Stakeholders in anti-corruption fight have lauded Nigeria for setting standards in the use of data for anti-corruption reforms.
The stakeholders said this when they spoke at the 2023 African Anti-corruption Day with the theme “African Union Convention on Preventing and Combating Corruption (AUCPCC),20 years after: Achievement and prospects” on Tuesday in Abuja.
Dr Oliver Stolpe, the Resident Representative of the United Nations Office on Drugs and Crime (UNODC), said that data was critical in the fight against corruption and Nigeria was leading in that aspect.
Stolpe said that standards were being set of countries collating data on progress in implementation and to use that data to then inform further action further anti-corruption reforms.
“Nigeria again is a trail blazer in that regards ,Nigeria is a very active participant in the UN Convention Against Corruption Mechanism 2014 and 2019.
“Nigeria uniquely started the process stock taking, looking at the group reviews conducted and followed up action.
“More importantly, we are actually impressed by the fact that Nigeria as the only country so far actually took that action for itself to see the extend to which it had implemented the various recommendations.
He said that the process for the conduct of a third national corruption survey was ongoing.
Mrs Jane Onwumere Head Technical Unit on Govenace and Anti-corruption Reforms (TUGAR) said that the African Union Convention on Preventing and Combatting Corruption( AUCPCC), was adopted in Mozambique in 2003 and since then, African Union Member States had made significant efforts in the fight against corruption.
Onwumere said that these included the establishment of National Laws and the creation of anti-corruption agencies.
She said that in order to raise awareness on the negative effects of corruption on diverse aspects of lives and the need to prevent and curb corruption to the barest minimum, the African Union designated July 11 as the African Anti-corruption Day.
“This year represents two decades of implementation of the AUCPCC which is why the theme is the African Union Convention on Preventing and Combatting Corruption 20 Years After: Achievements and Prospects.
“This event comes at an auspicious time as we are undergoing the review of implementation of the AUCPCC after having gone through two cycles of review of our implementation of the United Nations Convention Against Corruption, the UNCAC.
“This gives us an opportunity to evaluate our level of implementation of the Convention, our successes, challenges and lessons learned to determine what more needs to be done locally on one hand, and what other Member States need to jointly address, for better cooperation.”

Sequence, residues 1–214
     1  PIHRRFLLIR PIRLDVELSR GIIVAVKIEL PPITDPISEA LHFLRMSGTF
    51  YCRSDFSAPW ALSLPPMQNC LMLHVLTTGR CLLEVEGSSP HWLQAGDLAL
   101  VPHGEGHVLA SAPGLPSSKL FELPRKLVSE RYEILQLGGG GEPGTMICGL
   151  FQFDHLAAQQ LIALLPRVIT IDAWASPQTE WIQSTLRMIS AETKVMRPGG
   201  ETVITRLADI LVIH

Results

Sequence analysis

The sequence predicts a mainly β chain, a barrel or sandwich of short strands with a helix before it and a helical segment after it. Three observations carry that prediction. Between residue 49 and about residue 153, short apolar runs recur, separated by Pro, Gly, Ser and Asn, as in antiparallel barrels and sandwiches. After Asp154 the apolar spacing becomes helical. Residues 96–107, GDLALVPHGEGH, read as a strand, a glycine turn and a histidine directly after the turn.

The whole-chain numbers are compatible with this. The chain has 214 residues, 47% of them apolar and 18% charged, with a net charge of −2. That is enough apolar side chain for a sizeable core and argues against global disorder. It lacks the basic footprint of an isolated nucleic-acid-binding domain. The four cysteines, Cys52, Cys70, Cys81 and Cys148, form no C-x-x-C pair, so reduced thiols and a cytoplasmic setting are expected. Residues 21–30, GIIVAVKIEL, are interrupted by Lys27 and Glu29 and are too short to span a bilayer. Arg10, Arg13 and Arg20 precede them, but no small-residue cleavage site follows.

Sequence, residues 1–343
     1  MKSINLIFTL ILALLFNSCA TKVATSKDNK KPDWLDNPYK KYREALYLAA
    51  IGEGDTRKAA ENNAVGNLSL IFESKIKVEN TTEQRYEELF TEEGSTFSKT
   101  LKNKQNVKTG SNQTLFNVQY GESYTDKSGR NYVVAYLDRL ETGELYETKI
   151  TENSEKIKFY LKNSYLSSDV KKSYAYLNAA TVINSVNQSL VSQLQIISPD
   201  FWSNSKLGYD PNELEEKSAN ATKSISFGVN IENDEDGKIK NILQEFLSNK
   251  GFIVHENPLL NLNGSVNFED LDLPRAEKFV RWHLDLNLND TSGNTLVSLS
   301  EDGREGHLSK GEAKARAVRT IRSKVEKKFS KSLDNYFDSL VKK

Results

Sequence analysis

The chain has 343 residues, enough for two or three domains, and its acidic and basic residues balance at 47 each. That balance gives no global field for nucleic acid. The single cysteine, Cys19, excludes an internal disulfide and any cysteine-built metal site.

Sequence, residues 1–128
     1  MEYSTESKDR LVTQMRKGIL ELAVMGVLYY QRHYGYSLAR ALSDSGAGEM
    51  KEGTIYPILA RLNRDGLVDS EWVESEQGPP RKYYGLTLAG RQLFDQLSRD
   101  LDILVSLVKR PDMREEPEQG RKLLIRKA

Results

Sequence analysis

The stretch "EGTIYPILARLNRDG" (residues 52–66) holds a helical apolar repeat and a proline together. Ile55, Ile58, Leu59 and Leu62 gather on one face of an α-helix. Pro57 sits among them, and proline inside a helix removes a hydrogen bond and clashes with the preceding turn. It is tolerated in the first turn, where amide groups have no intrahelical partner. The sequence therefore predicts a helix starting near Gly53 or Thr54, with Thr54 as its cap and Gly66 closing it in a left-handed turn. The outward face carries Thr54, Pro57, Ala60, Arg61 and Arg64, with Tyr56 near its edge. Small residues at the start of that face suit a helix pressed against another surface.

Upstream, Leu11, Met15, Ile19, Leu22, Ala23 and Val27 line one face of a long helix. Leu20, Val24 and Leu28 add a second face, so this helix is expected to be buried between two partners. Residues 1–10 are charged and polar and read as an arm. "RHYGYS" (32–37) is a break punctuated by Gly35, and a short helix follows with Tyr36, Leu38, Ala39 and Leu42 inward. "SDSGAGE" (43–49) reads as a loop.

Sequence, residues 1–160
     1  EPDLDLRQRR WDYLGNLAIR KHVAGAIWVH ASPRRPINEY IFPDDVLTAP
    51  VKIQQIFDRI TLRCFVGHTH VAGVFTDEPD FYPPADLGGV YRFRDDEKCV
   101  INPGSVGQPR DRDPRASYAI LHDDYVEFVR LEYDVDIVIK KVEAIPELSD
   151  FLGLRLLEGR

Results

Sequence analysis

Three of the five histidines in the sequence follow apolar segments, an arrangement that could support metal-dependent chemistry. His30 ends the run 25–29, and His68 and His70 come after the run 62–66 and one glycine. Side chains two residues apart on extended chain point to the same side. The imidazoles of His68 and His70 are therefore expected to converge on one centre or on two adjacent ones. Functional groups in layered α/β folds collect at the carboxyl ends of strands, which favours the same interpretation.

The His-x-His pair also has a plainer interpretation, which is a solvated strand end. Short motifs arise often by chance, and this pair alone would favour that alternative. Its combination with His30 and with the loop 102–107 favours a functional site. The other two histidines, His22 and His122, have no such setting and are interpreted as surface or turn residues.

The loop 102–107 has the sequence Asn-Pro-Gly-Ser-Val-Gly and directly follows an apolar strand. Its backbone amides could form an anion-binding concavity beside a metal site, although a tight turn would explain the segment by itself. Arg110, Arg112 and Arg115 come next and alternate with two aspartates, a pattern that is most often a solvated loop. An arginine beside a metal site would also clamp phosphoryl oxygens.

Onwumere said that the event also sought to assess the level of implementation of the Common African Position on Asset Recovery, the CAPAR presented by Nigeria and unanimously adopted at the 33rd Ordinary Assembly of the African Union.
She therefore, urged stakeholders to recommit to collective action preventing and addressing corruption from the roots as it reflected on the initiatives put in place, the challenges and proffer recommendations to ensure that corruption is fought to the barest minimum,” she said
The Director, Centre for Democracy and Development(CDD-West Africa),
Ms Idayat Hassan reiterated the Centre’s commitment to support anti-corruption fight in Nigeria.
Hassan, represented by CDD’s Research Analyst, Mr Afolabi Adekaiyoja, said the commitment was in areas of addressing bribery, political embezzlement, theft, fraud, gratifications, extortion and blackmail, abuse of office, favoritism, nepotism, and clientelism.
She encouraged anti-corruption agencies across the continent to scale up on illicit asset recovery as there was still much more, domestically and internationally, to be traced and recovered.
“Fighting corruption requires consistent and sustained work on various fronts and adopting innovative strategies to meet the ever-expanding corruption typologies and taxonomies.
“The dangers of relapsing or losing the gains made are high if states do not work concertedly and persistently to sustain the fight.
“The Africa we want can only be achieved through the diligent implementation of the provisions of AUCPCC and state parties renewing their unalloyed commitments to it.”
Hassan also urged them to intensify awareness and visibility programs and push state parties to strengthen implementation and adoption of effective strategies against corruption.
She called on African countries such as Central African Republic, Cape Verde, Djibouti, Eritrea, Eswatini, Somalia, and South Sudan to embrace the initiative.